Most individuals can consume mushrooms without any problems. However, if you have a histamine sensitivity, you may be concerned about mushrooms histamine content.
People with histamine intolerance need to be mindful of everything they consume to avoid raising their histamine levels too high and developing the well-known symptoms of histamine overload. Making wise food choices is the best method to keep your levels under control because the symptoms of histamine sensitivity frequently vary depending on your dietary composition.
Mushrooms are generally a low-histamine food, and they can be incorporated into the low-histamine diet as early as the first phase.
So, let's examine are mushrooms high in histamine in more detail. Then, after reviewing their nutritional benefits, we'll see how they compare in terms of histamine: are mushrooms low histamine or high?
Benefits Of Mushrooms
Even though they are all low in calories, mushrooms nonetheless have a wide range of nutrients(1). Mushrooms are a favorite among those who follow a plant-based diet because a cup contains 3 grams of plant-based protein and some B vitamins. Moreover, mushrooms are among the best plant-based providers of selenium, a trace mineral with antioxidant properties.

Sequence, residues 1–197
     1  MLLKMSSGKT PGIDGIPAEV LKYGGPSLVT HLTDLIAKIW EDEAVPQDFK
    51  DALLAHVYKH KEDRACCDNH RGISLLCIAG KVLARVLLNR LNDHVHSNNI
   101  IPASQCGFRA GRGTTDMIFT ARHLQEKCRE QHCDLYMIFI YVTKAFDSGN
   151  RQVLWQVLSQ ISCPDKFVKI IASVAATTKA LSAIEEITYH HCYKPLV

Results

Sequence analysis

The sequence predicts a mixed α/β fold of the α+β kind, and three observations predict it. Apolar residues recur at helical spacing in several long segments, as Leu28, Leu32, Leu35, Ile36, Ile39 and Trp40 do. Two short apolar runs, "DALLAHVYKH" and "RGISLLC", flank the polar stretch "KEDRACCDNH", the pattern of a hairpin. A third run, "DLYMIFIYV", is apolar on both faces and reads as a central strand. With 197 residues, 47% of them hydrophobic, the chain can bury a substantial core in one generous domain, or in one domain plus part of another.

Additionally, mushrooms include other antioxidants that aren't found in many foods, like ergothioneine. Antioxidants have anti-inflammatory properties and help prevent the development of free radical damage, so that they may be included in an anti-inflammatory diet. Moreover, they contain beta-glucan, a polysaccharide that has immune-boosting properties.
Now onto, are mushrooms high histamine?
Mushrooms And Histamine Content